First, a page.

In fact the “key” nature est the consequence of the direct link with the corporate strategic plan. It shows the contribution of the project being measured to something bigger that is supposed to make sense for anybody. There should not be any need for explaining why a Key indicator is key : it should be obvious. If not, it means either the indicator is not key, the project does not contribute to the corporate plan or the plan in not understood by employees. In some ways a key indicator does not measure the project but its contribution to the corporate plan.

So, it’s logical to have lots of I, some PIs and only a few KPIs.

Now, let’s figure what it means in a common and concrete situation.

Imagine a classical “2.0” project, let’s say an innovation community. Let’s find out what KPIs, PIs and Is could be.

• KPI : the number of ideas provided by the community and being executed, number of ideas actually implemented, the money made or saved because of these ideas could be KPI. I say “could” because if innovation is not a part of the corporate plan, if its contribution to business is not clear or if it’s project launched under the radar, we’ll need to find other KPIs…if they exist. It may also make people realize that the lack of link between the project and the corporate plan will make it hard to find anything key.

• PI : the number of ideas could be a good indicator. It shows that the system works without saying it contributes to anything. It’s an intermediate indicator that tells how effective the project is.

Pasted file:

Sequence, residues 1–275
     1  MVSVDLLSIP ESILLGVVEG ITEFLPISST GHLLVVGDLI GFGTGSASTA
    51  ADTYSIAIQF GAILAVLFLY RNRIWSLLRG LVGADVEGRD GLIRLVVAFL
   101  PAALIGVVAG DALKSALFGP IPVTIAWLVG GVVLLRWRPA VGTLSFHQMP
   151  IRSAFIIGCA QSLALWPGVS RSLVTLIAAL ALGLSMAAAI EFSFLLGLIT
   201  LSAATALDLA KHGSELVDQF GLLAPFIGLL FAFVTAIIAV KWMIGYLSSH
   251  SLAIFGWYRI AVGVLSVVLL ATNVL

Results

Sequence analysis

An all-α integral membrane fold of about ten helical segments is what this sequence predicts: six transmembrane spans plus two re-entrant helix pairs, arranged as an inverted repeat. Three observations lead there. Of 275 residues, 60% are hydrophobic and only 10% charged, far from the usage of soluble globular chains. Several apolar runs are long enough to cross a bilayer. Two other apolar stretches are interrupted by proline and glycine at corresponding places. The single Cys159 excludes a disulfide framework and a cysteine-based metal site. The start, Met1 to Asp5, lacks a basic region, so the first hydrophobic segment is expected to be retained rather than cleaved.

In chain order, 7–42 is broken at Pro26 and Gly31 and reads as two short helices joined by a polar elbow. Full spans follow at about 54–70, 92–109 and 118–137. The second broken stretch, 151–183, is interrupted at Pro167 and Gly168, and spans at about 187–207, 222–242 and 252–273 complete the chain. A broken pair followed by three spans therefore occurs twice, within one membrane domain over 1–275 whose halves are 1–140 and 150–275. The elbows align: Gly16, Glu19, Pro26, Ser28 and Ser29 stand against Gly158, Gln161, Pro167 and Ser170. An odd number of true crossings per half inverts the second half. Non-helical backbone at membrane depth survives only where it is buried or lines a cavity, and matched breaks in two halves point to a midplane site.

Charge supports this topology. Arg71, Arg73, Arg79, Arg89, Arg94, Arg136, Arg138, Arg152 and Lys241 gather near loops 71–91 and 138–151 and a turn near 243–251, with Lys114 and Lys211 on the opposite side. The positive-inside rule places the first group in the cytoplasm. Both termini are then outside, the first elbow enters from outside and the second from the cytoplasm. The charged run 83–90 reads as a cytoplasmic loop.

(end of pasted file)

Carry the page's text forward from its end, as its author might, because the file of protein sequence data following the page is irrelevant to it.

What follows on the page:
• I : the number of discussions, members, comments, votes…are basic internal indicators that shows the system is alive without promising anything more.

Of course, the three kinds of indicators matter, but each one at a given level, for given people. If Is show poor results, few chances KPIs will make one smile.

It reminds me of a person telling me how uncomfortable he was with the KPIs of internal projects that were submitted to him. In fact, these projects having nothing to do with the corporate plan he was only given PIs, not KPIs.

Last point. That’s not because a project has no KPI that it should be shut down. For instance, pilots projects, experimentations. The ambition can be limited for the time being necessary to show “things can work”, and the mechanisms that make business make the most of the social activity could be postponed. In this situation, having good PIs is great. Once the promise verified, it will be time to add the K. The only risk is that the lack of link with the bigger corporate picture, of sense, limits motivation and the ability to reach a critical mass. In this case, the project will only rely on conviced and passionate people. That’s not a problem if these elements of context are taken into account when it will be time to debrief and draw conclusions, positive or not.

You may also be interested by reading what I once wrote on measuring social networking platforms.

 

 

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Bertrand DUPERRINhttps://www.duperrin.com/english
Head of Employee and Client Experience @Emakina / Former consulting director / Crossroads of people, business and technology / Speaker / Compulsive traveler